The lush little village of Raghurajpur in Odisha is the keeper of an ancient legacy. Situated a half-hour drive away from Puri, Raghurajpur has at least one artist in each of its 120-odd homes. Each family is dedicated to the making of a traditional handicraft, made entirely from indigenous materials sourced from the surrounding coconut, palm and jackfruit groves on the banks of River Bhargavi.
Some families specialise in the making of the patachitra, a style of painting on cloth. Others engrave folklore onto palm leaves, or turn coconuts and betel nuts into miniatures of Lord Jagannath, Odisha’s most prominent deity. The community excels in making stone carvings, papier mâché masks, and paintings on tassar silk.
Patachitra is Raghurajpur’s most famed art form, and the paintings have been traced as far back as the 12th century. The style is said to have evolved under the cult of Lord Jagannath, and the paintings are still used in rituals at the Jagannath Temple in Puri. Not much has changed in the rendering. In Oriya, pata means cloth and chitra means picture. The canvas or patta is prepared by binding two layers of cotton with a gum made of powdered conch shell and tamarind seeds. Stones are used to polish the surface until it is a smooth base for the painting. Artists use vibrant hues and delicate lines to portray stories from the Ramayana and Mahabharata. The pigments used are natural, such as white from conch shells, and black from lamp black and burned coconut shells. In fact, the only new flourishes are that some artists prefer to use poster colours today.
Raghurajpur also draws travellers and artists for its practice of talapatrachitra, or palm-leaf engraving. The yellow-green leaves are stuck together to form strips that are then sewn together with thread. The artist uses an iron stylus to etch scenes from the epics between the veins of the leaves, and may fill in the grooves with lamp black or another pigment. It takes a practiced hand to ensure the leaf doesn’t crack.
Raghurajpur’s stories are not restricted to fine art—the village is also known for its tradition of Gotipua, the earlier form of the classical dance form Odissi. In fact, this is where famous Odissi exponent Kelucharan Mohapatra was born, and where he trained in Gotipua. Today, the Gotipua Gurukul Academy trains young boys to sing and perform acrobatic postures, in praise of Krishna and Lord Jagannath. Exclusively performed by pre-teen boys dressed as graceful, feminine dancers, Gotipua adds yet another dimension to Raghurajpur’s storytelling prowess.
The village welcomes travellers, but doesn’t have guest accommodation so it is best explored as a day trip from Puri. Most artists display a wide spread of crafts, from patachitra to Lord Jagannath miniatures and wooden toys, outside their homes that function as studio and gallery. Feel free to strike up a conversation with them; the villagers are keen to share insights into their art and folklore.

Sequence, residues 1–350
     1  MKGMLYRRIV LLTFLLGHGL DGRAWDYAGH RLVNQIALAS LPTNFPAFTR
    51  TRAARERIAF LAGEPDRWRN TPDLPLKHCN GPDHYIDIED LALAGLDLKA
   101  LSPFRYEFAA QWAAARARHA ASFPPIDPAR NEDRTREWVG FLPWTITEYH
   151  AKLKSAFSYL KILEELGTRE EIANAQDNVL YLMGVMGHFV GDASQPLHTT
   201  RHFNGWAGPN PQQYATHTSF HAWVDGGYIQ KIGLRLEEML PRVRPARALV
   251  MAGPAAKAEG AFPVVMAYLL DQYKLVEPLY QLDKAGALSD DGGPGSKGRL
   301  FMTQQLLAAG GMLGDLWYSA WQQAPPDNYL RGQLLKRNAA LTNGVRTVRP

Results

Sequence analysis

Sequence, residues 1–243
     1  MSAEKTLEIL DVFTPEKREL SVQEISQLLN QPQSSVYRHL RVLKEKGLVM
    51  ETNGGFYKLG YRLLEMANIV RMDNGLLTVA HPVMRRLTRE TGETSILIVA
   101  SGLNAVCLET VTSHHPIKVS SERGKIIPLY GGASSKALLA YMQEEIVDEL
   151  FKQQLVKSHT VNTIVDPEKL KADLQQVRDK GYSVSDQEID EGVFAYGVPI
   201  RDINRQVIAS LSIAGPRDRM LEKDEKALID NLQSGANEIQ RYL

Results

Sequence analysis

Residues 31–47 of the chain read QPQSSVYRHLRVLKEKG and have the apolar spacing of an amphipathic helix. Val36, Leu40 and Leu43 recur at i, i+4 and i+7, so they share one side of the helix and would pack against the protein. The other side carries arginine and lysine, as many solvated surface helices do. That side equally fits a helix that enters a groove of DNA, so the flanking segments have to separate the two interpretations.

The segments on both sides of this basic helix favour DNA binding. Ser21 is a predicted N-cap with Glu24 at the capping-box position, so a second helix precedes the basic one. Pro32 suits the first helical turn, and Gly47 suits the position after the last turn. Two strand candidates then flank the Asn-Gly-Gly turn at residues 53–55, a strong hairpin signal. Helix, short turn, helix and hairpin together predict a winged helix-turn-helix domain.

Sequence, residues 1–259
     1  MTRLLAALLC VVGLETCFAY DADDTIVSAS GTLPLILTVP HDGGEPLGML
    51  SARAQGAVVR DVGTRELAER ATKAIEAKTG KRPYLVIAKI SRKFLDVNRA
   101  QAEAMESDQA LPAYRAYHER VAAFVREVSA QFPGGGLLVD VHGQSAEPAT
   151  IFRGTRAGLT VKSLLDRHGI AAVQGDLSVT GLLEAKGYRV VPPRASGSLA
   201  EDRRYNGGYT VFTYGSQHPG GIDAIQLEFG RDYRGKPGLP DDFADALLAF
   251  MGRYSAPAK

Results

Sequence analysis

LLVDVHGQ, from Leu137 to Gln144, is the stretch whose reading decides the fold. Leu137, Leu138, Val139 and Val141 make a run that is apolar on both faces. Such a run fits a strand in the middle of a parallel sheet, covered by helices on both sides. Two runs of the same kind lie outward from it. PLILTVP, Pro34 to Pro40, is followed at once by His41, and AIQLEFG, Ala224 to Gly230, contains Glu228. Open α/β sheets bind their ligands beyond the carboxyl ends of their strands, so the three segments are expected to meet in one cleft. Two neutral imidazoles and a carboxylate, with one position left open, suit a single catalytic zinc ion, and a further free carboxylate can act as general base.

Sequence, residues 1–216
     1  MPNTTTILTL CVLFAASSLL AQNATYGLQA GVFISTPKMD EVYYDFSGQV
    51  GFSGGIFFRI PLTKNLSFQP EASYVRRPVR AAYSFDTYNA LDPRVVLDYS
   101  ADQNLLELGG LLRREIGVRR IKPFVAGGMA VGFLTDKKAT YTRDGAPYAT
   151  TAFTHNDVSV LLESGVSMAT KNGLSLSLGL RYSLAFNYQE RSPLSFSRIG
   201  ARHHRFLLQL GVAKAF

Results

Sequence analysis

Updated in March 2018.
The village of Raghurajpur lies in the eastern part of Odisha. It is located around 11km/25min from Puri, and around 55km/1hr20min from Bhubaneswar.
The nearest airport is Bhubaneswar, the capital city of Odisha. Though Puri has its own railway station, the Bhubaneswar railway station is more convenient as it’s connected to major metros in the country. Taxis and buses are readily available from Bhubaneshwar airport and railway station to Puri. As Raghurajpur does not offer accommodation, it is best to stay in Puri (which has budget stays and luxury hotels) and make a day trip to the village.
When to Go
The village can be visited throughout the year, though temperatures are scorching in the peak of summer, between April and June.
The village hosts a five-week art residency every year, called The Raghurajpur International Art/Culture Exchange, where artists and art lovers exchange ideas and skills with the local craftspeople. Residency applications are open for international artists; more details on the website and Facebook page.
Travellers seeking to soak up the temple town vibes of Puri can look out for the iconic Rath Yatra celebrated in late June-early July every year.
For more details, see our Puri guide.
Amrita Lall is a former Web Intern at National Geographic Traveller India. She loves people-watching, reading books, and all the dogs in the world. She strongly believes that the best stories are right here, in our everyday lives.